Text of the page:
- ‘One-off’ identity verification is no longer sufficient
- Consumers expect a seamless and secure process
- Impersonation-proof identity verification is the new standard
- Digital identity should be based on strong, universally-accepted standards
- Getting digital identity right could make digital trade smoother, easier and faster
For most organisations, verifying identity for a transaction is a one-time event – and one for which it sets its own risk appetite. But this approach no longer fits with the complexities of our always-on, networked lives, believes GBG’s Alexi Walsh.
Five digital identity trends for 2018
Walsh identifies five developments with the potential to transform the way businesses and organisations interact with their customers:
1. The consumer becomes a stakeholder
Traditionally, digital identity issues have been viewed as a business-to-business concern. But as consumers adopt more active roles as stakeholders, this relationship is becoming a business-to-business-to-consumer one.
Increased consumer engagement means higher expectations; people don’t want to have to rekey their data every time, for example. Instead, it’s about immediacy and always being connected, so people will expect technology to perform better and security to be higher.
One solution for businesses is to use Facebook Login, which allows users to log into a website through their own Facebook account. If users are happy for Facebook to share their details in this way, it can offer a quick, social and personalised user experience. As with any identity verification solution, however, businesses must ensure that they are satisfied with the validity of the data they are supplied with.
2. Two-factor authentication
Individuals want the friction taken out of their online journey, but businesses must balance this with regulatory and compliance requirements and their own risk appetite. Can you be sure that the data provided by a mortgage applicant is valid and correct – and that they are who they say they are?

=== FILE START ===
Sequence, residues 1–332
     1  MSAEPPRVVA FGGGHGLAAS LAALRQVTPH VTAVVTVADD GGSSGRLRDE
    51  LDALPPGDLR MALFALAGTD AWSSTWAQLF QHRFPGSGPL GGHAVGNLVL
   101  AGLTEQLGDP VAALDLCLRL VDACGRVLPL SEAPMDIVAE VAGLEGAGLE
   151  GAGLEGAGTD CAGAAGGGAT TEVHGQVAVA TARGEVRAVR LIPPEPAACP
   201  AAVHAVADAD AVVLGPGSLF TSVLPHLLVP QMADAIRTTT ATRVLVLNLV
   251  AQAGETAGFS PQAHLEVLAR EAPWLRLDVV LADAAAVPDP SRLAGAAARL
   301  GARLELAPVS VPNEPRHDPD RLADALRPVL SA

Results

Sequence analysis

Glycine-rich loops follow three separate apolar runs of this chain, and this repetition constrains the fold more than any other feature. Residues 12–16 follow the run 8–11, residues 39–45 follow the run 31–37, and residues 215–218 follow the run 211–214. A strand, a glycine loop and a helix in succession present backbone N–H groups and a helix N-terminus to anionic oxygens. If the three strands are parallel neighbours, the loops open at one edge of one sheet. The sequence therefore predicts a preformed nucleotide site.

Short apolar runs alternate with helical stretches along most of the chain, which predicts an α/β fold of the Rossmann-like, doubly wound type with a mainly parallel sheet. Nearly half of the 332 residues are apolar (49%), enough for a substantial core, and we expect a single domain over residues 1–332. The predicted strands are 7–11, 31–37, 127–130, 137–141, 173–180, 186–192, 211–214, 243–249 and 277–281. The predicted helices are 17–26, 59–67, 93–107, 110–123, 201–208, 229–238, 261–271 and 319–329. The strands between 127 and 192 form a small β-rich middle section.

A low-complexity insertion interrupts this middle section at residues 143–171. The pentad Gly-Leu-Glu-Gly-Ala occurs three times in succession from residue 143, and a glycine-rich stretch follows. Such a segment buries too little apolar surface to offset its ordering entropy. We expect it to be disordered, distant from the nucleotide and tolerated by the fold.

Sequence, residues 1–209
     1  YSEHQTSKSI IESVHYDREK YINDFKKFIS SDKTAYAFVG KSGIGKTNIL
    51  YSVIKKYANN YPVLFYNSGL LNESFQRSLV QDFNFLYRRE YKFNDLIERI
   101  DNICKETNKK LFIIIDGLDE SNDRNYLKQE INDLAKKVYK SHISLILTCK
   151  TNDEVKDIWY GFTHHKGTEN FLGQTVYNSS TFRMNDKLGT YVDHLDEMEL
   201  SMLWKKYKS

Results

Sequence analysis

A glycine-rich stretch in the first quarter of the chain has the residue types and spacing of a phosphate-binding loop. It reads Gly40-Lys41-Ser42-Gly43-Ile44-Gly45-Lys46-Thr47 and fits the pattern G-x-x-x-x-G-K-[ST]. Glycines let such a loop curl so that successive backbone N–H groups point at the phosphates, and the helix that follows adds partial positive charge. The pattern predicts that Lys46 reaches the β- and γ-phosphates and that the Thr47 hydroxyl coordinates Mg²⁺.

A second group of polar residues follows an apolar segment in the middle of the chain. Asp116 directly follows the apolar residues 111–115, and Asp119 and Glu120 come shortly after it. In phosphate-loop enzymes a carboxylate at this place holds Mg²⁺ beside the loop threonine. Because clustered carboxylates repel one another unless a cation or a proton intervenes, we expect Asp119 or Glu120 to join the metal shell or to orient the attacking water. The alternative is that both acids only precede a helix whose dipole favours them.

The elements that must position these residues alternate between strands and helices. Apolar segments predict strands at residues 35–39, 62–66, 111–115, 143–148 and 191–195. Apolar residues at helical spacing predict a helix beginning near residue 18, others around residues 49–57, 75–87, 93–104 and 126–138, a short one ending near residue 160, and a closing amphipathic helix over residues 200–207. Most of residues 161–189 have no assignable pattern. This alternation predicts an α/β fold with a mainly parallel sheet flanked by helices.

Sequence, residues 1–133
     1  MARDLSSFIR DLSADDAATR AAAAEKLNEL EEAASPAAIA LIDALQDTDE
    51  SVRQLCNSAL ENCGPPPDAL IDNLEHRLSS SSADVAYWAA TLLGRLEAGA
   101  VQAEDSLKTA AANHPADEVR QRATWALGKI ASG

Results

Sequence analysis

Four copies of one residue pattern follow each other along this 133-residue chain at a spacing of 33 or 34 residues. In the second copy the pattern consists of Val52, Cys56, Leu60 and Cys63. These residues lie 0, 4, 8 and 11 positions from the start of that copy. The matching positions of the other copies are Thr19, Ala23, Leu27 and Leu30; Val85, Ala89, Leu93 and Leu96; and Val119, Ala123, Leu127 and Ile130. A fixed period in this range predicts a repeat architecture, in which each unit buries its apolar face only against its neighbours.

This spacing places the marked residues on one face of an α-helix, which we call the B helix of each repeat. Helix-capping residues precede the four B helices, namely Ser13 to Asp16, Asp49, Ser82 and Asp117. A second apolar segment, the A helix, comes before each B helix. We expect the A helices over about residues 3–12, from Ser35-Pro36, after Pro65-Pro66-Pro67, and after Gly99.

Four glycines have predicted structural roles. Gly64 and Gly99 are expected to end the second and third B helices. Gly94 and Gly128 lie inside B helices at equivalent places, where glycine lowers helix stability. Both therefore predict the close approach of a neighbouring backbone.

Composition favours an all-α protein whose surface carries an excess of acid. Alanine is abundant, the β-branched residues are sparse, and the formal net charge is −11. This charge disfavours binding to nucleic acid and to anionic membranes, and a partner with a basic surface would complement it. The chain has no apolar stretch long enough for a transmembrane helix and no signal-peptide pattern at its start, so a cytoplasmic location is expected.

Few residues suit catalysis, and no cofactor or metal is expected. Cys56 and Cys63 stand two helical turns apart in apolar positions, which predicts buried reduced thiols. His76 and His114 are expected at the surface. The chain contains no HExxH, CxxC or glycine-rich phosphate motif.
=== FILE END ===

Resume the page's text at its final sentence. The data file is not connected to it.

Questions like these led to the launch, in January 2018, of the new Payment Services Directive (PSD2) standard, which aims to enhance consumer protection and security by requiring more than a password or credit card data to make most online payments. It means that financial services and online payment companies will need two independent types of identity verification – a physical element along with a password or biometric one.
As new legislation comes into force and consumers become less tolerant of poor identity standards, it will no longer be enough to check that users match a valid digital identity; ensuring that someone is not impersonating them will be the new standard.
3. The ‘trust framework’ model
The real revolution, though, comes with the change from a one-time transaction to the issuing of a digital identity that’s based on extremely strong, universally-accepted standards. This digital identity will unlock doors for us to buy online, to carry out financial transactions and interact with government services.
This approach to digital identity is built on a ‘trust framework’. GOV.UK Verify, an example of a UK-centric trust framework, has provided a single trusted login across UK government digital services since its launch in 2016. The system certifies ‘partner companies’, which it has approved to verify users’ identity securely.